INDEPENDENT Newspapers claimed in the Supreme Court yesterday that a jury award of £300,000 to former Social Welfare Minister Proinsias de Rossa in an action against the Sunday Independent was excessive and disproportionate to any damage done to his reputation.
On behalf of Mr de Rossa, it is submitted that there is no disproportion between the award and the ``gross and persistent'' libel committed against him. It is argued that to reduce the damages would constitute a failure to maintain the balance between freedom of speech and the vindication of his good name.
The award was made on July 31, 1997 at the conclusion of a libel action taken by Mr de Rossa following an article by Eamon Dunphy in the Sunday Independent on December 13, 1992.
It is submitted on behalf of the newspaper group that a jury in a libel trial should be referred to appropriate levels of damages for pain and suffering awarded in personal injuries cases by the superior courts and to previous libel awards.
During submissions for the newspaper, Michael McDowell SC said it was unsatisfactory that 12 people asked to adjudicate on a defamation and set compensation should be left in a position that the principles on which they award damages are not explained to them.
He said a jury should have regard to issues of proportionality in assessing damages. This would in no way detract from the valued function of a jury. It did a jury great injustice to suggest to them to ``do your best'' and use common sense, and that if they got the figure wrong it be left to the Supreme Court to put it right.
To have justice done, a jury should be able to address issues that were relevant and one of them was quantum (amount). A judge should give general guidance as to what was the scope of Irish compensatory damages.
Kevin Feeney SC, also for the newspaper, said while a court must always have regard to the facts of a case, it must also ensure that it identifies by its decisions what was the appropriate or permissible range of damages.
The present rules prohibited a jury from hearing anything other than references such as substantial, very substantial, moderate, large, significant, fair, reasonable or just in relation to damages. In real terms, that gave them no indication as to the damages they might award other than in most general terms.
Mr Feeney said it was important that a court could get guidance from personal injury awards of general compensatory damages.
In written submissions, Independent Newspapers referred to criteria in a number of libel actions in England and submitted that in applying them, no reasonable jury could have thought that an award of £300,000 was necessary to compensate Mr de Rossa, who continues to have a successful career as a politician and is a distinguished figure in his chosen field of endeavour.
It is also submitted that the award was so high as to amount to a restriction or penalty on the freedom of expression of the defendant and was therefore contrary to Article 10 of the European Convention on Human Rights.
It is submitted that under present practice, no one and certainly not a newspaper has any means of foreseeing the consequence of the exercise of the right of freedom of expression. Unpredictable awards, therefore, endanger freedom of the press to report fearlessly.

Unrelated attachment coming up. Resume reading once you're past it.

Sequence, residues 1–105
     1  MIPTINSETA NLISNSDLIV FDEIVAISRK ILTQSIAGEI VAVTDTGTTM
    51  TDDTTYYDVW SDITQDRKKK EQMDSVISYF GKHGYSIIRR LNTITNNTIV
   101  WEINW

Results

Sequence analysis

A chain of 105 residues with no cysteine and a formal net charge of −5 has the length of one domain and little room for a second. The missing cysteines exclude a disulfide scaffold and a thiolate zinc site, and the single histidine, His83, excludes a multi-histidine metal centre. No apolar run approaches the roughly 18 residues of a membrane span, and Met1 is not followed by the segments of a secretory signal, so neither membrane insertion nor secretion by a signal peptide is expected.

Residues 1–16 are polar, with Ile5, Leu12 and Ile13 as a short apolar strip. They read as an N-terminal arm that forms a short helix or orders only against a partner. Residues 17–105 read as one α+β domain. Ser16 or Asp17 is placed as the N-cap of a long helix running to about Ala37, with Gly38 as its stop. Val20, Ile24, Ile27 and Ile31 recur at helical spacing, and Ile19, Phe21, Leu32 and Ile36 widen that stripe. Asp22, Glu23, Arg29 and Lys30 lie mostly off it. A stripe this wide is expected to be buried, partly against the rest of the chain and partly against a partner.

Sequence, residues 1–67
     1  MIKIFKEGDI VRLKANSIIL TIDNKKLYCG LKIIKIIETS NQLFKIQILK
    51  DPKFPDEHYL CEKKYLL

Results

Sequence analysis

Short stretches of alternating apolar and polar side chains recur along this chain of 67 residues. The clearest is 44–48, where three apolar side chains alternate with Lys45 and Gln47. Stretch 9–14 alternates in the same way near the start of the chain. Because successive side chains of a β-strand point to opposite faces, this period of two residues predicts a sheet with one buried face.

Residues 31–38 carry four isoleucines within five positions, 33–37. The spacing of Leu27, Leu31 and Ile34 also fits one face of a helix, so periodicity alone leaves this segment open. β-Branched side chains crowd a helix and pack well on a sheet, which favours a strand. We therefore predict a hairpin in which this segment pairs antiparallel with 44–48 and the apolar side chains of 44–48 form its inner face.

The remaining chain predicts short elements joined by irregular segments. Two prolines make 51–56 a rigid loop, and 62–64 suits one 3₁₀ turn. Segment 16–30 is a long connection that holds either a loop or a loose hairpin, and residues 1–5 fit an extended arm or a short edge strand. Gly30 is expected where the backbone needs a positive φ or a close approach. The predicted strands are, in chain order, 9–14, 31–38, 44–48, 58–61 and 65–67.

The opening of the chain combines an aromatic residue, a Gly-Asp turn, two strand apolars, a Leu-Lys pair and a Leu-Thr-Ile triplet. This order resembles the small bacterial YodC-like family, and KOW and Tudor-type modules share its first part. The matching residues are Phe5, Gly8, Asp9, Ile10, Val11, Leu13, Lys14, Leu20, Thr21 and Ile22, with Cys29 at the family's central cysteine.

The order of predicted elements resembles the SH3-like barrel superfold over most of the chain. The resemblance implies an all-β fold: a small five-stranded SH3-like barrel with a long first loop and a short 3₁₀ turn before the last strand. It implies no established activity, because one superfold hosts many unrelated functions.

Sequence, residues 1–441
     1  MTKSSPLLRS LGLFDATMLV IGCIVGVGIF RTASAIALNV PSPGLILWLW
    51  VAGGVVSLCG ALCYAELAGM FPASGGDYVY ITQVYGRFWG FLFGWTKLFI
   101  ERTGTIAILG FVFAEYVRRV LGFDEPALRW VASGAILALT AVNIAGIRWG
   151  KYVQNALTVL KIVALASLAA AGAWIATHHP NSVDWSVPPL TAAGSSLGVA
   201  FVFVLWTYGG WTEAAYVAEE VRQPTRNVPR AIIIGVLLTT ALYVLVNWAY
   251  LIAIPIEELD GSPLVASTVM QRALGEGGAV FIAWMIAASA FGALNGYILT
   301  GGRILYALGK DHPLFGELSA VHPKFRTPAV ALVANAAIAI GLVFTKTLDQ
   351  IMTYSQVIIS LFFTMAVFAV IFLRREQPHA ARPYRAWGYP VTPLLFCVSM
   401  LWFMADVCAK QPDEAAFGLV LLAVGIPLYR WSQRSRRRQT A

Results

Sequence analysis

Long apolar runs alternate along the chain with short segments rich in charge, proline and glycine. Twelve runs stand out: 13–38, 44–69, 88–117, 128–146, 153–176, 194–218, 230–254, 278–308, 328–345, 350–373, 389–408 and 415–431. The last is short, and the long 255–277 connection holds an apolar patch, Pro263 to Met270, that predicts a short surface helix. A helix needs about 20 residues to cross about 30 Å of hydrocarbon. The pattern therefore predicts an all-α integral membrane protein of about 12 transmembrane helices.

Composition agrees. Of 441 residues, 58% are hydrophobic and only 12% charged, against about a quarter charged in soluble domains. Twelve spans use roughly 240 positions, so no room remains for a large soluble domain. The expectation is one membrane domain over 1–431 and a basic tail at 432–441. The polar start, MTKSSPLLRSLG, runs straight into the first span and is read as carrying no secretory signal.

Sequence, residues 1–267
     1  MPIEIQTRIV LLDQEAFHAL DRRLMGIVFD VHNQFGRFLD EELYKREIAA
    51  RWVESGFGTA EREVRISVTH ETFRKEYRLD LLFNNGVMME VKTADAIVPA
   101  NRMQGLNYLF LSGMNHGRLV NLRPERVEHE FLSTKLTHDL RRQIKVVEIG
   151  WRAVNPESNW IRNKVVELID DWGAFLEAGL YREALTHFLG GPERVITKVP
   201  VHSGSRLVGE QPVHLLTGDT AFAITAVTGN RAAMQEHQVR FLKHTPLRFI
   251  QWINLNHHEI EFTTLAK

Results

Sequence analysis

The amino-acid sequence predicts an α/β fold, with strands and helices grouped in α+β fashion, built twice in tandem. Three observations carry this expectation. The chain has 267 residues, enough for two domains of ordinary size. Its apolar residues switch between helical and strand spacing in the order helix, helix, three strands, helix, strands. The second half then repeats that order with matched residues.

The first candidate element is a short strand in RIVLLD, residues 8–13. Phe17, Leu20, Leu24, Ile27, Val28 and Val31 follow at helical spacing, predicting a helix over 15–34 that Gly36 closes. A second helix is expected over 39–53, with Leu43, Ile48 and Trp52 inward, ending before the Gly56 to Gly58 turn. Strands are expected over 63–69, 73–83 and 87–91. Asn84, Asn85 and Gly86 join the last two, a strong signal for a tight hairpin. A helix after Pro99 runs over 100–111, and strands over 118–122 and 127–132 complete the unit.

Independent Newspapers submits it is the absence of any specific guidelines from a judge or counsel which leads to excessive and unpredictable jury awards. The practice of not giving such guidelines violates the protection of freedom of expression guaranteed by the Constitution.
In submissions, on behalf of Mr de Rossa, it is claimed that while the implications of the European Human Rights Convention are argued by the appellant and decisions of the Human Rights Court referred to, no decision was referred to which suggested that the sum awarded by the trial jury was excessive orimpermissible.
No request had been made to the trial judge to direct the jury in the manner now argued for, and no application was made to him for any ruling that the provisions of the Constitution required him to direct the jury on damages other than in the manner in which he did.
If it were the position that there was a conflict between the Irish constitutional position and the European Convention on Human Rights, the courts would be bound to apply the Irish Constitution.
Similarly, if a court were to find a provision not repugnant to the Constitution which was found possibly to be repugnant to the convention, it would be obliged to uphold the provisions for the purposes of its decision in the national courts and leave to whoever they might do so to seek, if they wished, a declaration that Irish law contravened the convention.
It is submitted that from an extract of a Supreme Court judgment in a previous libel case, Irish law did provide a requirement of proportionality, although of course in the context of acknowledged jurisprudence that it was the public through its participation as jury in the legal process which was best placed to set the basis standard in damages.
It is submitted that very substantial awards, including those of the magnitude of the sum in the present case or greater, may be necessary to protect the good name of the citizen whose protection was also enshrined in the Constitution. Implicit in any damages award in any case was the strain, anxiety and turmoil caused to the successive plaintiff in litigation by reason of the defendant's conduct.
Mr de Rossa also submits it is facile to suggest that an award of £300,000 was not necessary to compensate him because he continued to have a successful career as a politician.
It is also argued that no true comparison exists between damages in personal injury cases and those in defamation cases. So far as comparison with personal injuries damages is concerned, it is submitted for Mr de Rossa that no true equation can be made between the function of damages in defamation cases and personal injuries cases.